Five Steps I Utilize to Bring a Tasty Recipe to Healthy

bowl of pumpkin soup after substituting healthier ingredients maintaining tasty flavor
This pumpkin soup is not only tasty, but healthy after altering the original butter and cream-filled recipe

Five Steps I Utilize to Bring a Tasty Recipe to a Healthy Recipe

Figuring out how to bring a tasty recipe to a healthy recipe is essential when deciding to limit processed foods, added sugar, and added salt in my diet.  Friends and good food are two things rheumatoid arthritis (RA) cannot take away from me!  They are truly spices to my life.

Even before my rheumatoid arthritis (RA) diagnosis I learned that what I eat can express itself as inflammation in my body.  At that point I could actually feel the heat in my body, in addition to the pain and swelling.

We are basically talking about the anti-inflammatory diet, which has many renditions.  I chose to keep it simple by reading labels and limiting processed foods, added sugar and salt.  I felt better within days when I started eating this way.

I felt better, but I stilled craved the chips and pastries.  If I was going to give them up, or at least severely limit them, I needed a good replacement.  That is where I learned to rework my tasty recipes to make them a healthy ones.

Just like every other aspect of living successfully with RA, replacing old ways, like enjoying tasty sugar and fat laden recipes, with new, healthy ways is a process.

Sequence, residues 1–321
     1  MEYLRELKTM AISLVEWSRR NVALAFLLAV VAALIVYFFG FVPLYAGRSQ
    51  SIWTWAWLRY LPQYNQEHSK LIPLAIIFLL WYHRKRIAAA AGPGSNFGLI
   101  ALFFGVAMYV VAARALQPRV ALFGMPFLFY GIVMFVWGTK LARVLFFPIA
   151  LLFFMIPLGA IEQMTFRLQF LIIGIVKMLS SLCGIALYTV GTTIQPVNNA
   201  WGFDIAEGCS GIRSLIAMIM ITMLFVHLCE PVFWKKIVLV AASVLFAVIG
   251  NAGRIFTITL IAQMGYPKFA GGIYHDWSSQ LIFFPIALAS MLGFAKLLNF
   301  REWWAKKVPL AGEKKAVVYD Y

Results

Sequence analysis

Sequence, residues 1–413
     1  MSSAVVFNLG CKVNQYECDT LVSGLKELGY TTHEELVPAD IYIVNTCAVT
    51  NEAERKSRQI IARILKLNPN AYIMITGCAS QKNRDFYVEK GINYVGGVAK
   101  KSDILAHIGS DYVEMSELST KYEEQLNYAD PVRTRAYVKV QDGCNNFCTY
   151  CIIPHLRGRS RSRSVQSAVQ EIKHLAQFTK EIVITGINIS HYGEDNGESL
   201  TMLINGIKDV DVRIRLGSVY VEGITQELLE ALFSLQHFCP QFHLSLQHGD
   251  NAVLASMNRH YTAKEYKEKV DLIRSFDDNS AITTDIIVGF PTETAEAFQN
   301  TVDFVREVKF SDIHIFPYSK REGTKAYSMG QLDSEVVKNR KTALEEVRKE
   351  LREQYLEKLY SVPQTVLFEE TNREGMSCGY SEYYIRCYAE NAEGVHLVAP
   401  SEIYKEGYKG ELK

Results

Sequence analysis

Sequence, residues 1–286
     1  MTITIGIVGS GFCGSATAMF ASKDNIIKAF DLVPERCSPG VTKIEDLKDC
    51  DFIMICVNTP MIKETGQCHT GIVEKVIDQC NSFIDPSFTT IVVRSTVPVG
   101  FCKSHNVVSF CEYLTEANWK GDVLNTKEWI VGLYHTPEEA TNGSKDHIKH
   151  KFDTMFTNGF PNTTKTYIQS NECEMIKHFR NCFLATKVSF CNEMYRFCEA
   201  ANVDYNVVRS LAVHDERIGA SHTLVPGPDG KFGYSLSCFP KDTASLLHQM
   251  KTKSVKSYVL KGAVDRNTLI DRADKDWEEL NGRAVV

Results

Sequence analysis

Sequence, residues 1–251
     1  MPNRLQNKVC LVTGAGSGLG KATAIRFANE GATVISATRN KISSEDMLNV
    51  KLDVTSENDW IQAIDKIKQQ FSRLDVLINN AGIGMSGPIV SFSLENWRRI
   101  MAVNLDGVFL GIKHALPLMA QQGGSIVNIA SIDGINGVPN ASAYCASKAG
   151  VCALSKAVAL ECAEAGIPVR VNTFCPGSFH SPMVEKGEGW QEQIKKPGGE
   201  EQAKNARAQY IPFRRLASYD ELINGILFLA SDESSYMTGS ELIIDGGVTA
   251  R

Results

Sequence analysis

And this is where Five Steps I Utilize to Bring a Tasty Recipe to a Healthy Recipe comes in handy!

Five Steps to a Healthy Tasty Recipe:

  1. Find a recipe for what you are craving.  My example is squash or pumpkin soup.  I’ve had this thing for squash soup lately since the temperatures dropped.  I would order it whenever it was on the menu, but I decided I wanted it at home, too.
  2. Look at the ingredients and decide where you can make healthy substitutions.  It is easy to make a good squash soup if you include lots of butter and cream, but I wanted to up the healthy quotient.  I decided to sauté my veggies in olive oil instead of butter.  I eliminated the heavy cream and increased the amount of broth in the recipe.  I added carrots and celery to add variety to my veggie lineup.
  3. Test the results.  In this case I wasn’t all that happy with the results.  It tasted bland and the celery flavor, which I love, was too strong.
  4. Make adjustments to the recipe.  Next time I will leave out the celery and add a sweet potato.  I’m also planning to adjust the spices used.  Like adding cinnamon to add a little surprise to this savory dish.
  5. Test again and continue to adjust until it is just what you want.

I do have to say my palate has changed since eating whole, clean food.  A little bit of sweetness goes a long way.  I prefer feeling good over indulging by eating whatever I want.  And my thoughts naturally go to a healthier choice these days when choosing from a menu or shopping at the grocery store.

What is your strategy for creating healthier recipes?  I’d love to hear your suggestions!  Leave a comment!

By the way, I will share my recipe when I get it to where it needs to be.  Until then, take good care.

And that is using Arthritis Wisdom!

XX00  Cathy

Image by RitaE of Pixabay


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Arthritis should have the smallest footprint possible on your day-to-day living.  Small things added together make a huge impact.  Here’s to living your best life, even with arthritis!  Cheers!


Cathy from Arthritis Wisdom


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